By: Brian J. Meli
Say what you will about copyright law, it can lead to some seriously entertaining (and absurd) disputes.
Take this week’s news story about American gun manufacturer ArmaLite Inc.’s use of an altered image of Michelangelo’s David in an ad promoting its .50 caliber AR-50 assault rifle. In the ad (reproduced above) the famous renaissance statue is depicted cradling the high powered rifle instead of its signature slingshot; a weapon which, had David had actually wielded it, would’ve allowed him to fell most of the Philistine army before lunch.
The image has drawn harsh rebukes from the Italian government, and led to the Italian Culture Minister to call for the ad to be pulled, claiming: “an image of David, armed, offends and infringes the [Italian] law.” (loosely translated).
The company may certainly be guilty of bad taste, but fortunately (or perhaps not) that’s not illegal in the U.S. Apparently though there remains some question about it in Italy.
Now, I’m willing to overlook the question of how a statue depicting a legendary war hero in the throes of battle can become offensive by arming it, despite the not-so-secret fact that David was armed by the sculptor himself (albeit with a more primitive weapon) in order to accurately depict a solider moments before engaging and killing another solider on the field of battle. But let’s chalk up the offensive-when-armed comment to something lost in translation, or to a simple case of a misplaced comma, since I’m willing to concede that the ArmaLite ad doesn’t exactly break new aesthetic ground.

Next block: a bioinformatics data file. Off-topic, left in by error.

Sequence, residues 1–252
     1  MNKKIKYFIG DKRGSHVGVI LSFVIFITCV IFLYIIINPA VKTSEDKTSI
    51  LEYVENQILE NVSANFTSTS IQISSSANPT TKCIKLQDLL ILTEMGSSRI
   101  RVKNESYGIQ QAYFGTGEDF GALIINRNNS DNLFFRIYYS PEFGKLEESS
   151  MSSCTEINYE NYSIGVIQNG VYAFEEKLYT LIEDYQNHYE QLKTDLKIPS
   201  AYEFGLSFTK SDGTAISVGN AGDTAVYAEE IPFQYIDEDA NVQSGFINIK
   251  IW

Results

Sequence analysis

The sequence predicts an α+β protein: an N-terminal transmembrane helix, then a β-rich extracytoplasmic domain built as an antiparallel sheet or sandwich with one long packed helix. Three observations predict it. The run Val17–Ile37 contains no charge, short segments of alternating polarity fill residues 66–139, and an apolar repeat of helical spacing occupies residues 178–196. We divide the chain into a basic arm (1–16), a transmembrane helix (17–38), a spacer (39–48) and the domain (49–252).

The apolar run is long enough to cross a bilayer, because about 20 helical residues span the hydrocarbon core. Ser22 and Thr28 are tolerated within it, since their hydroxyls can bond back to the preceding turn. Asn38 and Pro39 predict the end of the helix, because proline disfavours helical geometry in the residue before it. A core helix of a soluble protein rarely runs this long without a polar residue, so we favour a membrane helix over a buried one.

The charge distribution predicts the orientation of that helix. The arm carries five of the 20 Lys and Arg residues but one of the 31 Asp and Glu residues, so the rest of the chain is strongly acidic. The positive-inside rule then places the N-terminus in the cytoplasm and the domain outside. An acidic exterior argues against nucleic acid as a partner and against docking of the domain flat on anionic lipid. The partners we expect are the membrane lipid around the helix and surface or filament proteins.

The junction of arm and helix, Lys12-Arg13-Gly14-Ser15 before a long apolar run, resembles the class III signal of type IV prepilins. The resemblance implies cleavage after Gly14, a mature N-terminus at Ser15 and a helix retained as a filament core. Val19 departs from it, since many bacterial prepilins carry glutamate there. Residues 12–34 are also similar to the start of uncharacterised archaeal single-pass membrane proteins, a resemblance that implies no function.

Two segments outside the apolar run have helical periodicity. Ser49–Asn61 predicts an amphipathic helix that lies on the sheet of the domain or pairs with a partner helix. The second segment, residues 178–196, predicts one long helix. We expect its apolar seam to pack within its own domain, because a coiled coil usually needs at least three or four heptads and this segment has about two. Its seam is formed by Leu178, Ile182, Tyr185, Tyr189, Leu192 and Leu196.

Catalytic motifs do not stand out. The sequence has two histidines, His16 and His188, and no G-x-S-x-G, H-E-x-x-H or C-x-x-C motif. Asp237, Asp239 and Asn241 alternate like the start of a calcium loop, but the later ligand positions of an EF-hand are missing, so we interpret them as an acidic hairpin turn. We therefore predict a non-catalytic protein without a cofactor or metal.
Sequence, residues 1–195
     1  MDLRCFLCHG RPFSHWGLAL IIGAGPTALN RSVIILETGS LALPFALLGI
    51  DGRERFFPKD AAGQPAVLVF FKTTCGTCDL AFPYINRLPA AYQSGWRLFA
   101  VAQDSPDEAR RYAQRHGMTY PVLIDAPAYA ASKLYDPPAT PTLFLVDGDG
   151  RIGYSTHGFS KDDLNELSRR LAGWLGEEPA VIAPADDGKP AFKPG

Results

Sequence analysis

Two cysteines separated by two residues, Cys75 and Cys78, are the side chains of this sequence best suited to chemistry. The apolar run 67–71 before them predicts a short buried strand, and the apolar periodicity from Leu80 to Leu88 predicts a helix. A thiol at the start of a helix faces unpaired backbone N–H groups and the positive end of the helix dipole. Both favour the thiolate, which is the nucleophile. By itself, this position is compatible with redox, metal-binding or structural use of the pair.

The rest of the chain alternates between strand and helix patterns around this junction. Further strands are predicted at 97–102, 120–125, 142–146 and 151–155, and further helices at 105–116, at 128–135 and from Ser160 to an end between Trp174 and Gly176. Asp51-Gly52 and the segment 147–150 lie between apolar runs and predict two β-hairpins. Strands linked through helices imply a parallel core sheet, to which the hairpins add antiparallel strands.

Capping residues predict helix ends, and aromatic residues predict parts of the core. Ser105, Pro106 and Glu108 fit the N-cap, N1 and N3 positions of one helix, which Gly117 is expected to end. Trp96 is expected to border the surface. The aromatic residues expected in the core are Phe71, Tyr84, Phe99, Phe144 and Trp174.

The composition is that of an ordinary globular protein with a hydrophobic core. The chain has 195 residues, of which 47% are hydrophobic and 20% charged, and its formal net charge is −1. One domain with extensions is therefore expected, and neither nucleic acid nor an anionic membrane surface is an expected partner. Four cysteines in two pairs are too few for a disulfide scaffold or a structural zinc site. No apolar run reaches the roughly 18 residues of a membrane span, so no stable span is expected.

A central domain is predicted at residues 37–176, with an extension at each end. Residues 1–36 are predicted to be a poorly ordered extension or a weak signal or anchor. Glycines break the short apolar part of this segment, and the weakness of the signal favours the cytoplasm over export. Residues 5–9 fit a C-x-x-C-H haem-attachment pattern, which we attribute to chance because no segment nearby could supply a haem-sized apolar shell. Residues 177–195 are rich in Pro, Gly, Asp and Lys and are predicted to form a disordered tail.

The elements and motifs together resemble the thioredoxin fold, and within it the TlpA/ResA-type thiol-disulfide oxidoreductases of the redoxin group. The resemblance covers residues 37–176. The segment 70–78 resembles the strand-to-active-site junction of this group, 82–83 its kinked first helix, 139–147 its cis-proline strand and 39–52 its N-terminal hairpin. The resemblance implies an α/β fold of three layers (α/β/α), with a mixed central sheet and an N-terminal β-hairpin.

What I’m more interested in is the second part of the statement; the part suggesting that the ad infringes the law. You see the Italian government, according to multiple news sources including the BBC, is claiming copyright in what may be the world’s most recognizable piece of marble. Not the particular picture of the statue that was used in the ad, mind you, but the statue itself. Which leads one to wonder how laws which didn’t exist when this work was created can confer copyright in the work to a government that didn’t commission it, and never assumed title to it. How do I know this for sure, you may ask? Because the country we now call Italy was a collection of rival city states during the time of Michelangelo, and didn’t become a unified sovereign nation until 1861, more than 350 years after the sculptor put his finishing touches on the masterpiece. Render unto Caeser that which is Caeser’s, indeed.
It turns out that ownership of the statue is actually a very touchy subject in Italy these days, with the national government trying to claim it as an asset on their books, presumably in order to use some of the millions of euros it generates each year from tourism to shore up its ailing balance sheet. And who’s leading the charge for national ownership? If you guessed the office of the Italian Culture Minister you would be correct, which goes a long way toward explaining the aforementioned harsh rebuke. So on it’s face it would seem that this is merely a case of an American company finding itself caught in the crossfire (pun unavoidable) of a bitter internecine dispute between different levels of Italian bureaucracy. (Although something tells me the folks at ArmaLite are more than capable of taking care of themselves, wouldn’t you say?)